EU to Allow 61,000 People to Take Asylum in European Countries

Brussels: The European Commission has recently unveiled plans for the 2024-2025 period, wherein EU Member States will collectively establish 61,000 new spaces dedicated to resettlement and humanitarian reception for individuals urgently requiring international protection.

In an official statement, the Commission outlined the initiative’s two crucial components: a commitment to create 31,000 resettlement places in collaboration with the United Nations High Commissioner for Refugees (UNHCR) and an additional 30,000 places designated for humanitarian admission.

Ylva Johansson, the Commissioner for Home Affairs, highlighted a notable increase in resettlement opportunities within the EU compared to previous years. In 2022, approximately 17,300 individuals in need of international protection were resettled from non-EU countries, representing a six percent decrease from 2021. However, there was a substantial 97 percent increase compared to 2020 figures.

A significant proportion of those resettled were Syrians, constituting 63 percent of the total. Since 2015, a total of 175,000 individuals have been resettled in the EU or granted protection through humanitarian admission programs.

Acknowledging the pressing global resettlement needs, the Commission has designated these initiatives as a top priority, collaborating with key international partners such as the United States, Canada, the United Kingdom, and Australia.

To bolster these efforts, the Commission has committed a substantial budget of €480 million for the period 2023-2025. This financial commitment aims to support the comprehensive humanitarian resettlement and admission efforts of EU Member States. In 2023, the Commission has already disbursed €246 million to Member States, focusing on individuals admitted through resettlement and humanitarian admission in the past two years.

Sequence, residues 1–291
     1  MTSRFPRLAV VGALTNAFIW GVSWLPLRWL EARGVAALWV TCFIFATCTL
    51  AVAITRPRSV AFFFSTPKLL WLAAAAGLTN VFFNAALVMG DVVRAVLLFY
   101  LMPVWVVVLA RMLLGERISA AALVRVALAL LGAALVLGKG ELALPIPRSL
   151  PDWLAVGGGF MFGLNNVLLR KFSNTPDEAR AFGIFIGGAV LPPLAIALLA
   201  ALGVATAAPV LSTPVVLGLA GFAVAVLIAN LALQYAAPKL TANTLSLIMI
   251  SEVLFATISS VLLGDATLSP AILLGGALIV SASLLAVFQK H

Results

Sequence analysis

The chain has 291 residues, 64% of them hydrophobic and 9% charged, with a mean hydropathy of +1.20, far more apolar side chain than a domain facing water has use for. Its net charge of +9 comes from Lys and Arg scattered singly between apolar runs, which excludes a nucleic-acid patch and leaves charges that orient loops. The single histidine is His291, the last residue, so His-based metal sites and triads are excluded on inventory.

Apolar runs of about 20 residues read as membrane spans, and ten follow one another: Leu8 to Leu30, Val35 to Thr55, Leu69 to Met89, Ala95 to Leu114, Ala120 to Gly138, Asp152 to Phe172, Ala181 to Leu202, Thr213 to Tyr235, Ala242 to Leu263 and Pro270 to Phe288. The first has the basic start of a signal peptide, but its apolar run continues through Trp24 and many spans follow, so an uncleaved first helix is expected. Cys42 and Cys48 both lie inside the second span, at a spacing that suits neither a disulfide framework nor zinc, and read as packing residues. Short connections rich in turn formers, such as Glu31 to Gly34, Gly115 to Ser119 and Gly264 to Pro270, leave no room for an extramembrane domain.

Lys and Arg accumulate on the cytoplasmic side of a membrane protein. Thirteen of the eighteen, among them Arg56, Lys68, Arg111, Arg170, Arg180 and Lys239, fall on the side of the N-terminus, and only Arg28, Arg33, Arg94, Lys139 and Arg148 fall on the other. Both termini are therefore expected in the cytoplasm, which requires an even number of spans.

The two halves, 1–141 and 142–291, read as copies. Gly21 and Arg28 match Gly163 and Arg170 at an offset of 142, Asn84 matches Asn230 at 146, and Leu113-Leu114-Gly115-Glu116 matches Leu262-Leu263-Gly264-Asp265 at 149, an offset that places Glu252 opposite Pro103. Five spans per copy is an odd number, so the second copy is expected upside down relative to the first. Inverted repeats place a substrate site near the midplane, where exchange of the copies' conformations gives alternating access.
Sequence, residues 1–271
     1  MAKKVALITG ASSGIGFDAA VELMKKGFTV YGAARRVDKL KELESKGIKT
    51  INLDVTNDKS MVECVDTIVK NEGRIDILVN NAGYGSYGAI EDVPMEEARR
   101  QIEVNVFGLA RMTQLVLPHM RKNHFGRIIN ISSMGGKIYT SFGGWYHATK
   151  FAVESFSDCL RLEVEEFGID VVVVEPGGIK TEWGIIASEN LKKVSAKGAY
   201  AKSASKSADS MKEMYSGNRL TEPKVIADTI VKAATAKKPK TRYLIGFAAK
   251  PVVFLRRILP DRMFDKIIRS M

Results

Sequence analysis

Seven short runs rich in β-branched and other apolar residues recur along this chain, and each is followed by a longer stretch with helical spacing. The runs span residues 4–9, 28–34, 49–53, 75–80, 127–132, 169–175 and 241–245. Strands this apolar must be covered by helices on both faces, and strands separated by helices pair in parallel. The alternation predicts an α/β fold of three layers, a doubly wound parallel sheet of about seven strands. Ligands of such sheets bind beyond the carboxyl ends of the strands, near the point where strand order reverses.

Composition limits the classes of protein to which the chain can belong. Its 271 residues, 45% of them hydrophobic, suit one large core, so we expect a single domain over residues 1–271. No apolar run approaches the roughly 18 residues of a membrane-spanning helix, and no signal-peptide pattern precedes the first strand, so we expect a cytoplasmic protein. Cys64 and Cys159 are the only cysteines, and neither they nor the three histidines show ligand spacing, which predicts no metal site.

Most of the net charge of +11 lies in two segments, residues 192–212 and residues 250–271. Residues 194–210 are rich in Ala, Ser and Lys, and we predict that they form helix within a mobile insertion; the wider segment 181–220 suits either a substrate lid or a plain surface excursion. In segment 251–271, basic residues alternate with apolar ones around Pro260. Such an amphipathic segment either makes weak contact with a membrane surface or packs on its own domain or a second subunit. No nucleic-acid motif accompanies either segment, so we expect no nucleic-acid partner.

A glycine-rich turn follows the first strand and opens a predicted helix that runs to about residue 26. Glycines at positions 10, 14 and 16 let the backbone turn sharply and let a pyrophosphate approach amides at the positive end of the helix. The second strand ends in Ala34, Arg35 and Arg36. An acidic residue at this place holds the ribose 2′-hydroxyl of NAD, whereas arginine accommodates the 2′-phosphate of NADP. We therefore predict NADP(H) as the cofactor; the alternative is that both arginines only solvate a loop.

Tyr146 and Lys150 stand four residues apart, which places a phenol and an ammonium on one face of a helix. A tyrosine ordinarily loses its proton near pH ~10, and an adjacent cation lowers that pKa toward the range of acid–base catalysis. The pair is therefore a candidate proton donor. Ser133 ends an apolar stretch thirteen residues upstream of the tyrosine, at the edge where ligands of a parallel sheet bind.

The EU Agency for Asylum (EUAA) plays a crucial role in advancing these objectives. The Resettlement Support Facility in Istanbul, overseen by EUAA, is slated for expansion. Additionally, the EUAA is collaborating with other partner third countries to establish additional operational support structures for resettlement.

Johansson emphasized that the EU has provided protection to over four million Ukrainian refugees who fled following Russia’s invasion in February of the previous year.

Recent data from the German Federal Statistical Office (Destatis) revealed that Germany witnessed a net immigration of approximately one million people from Ukraine in 2022 and the first half of 2023, following the Russian invasion in February 2022.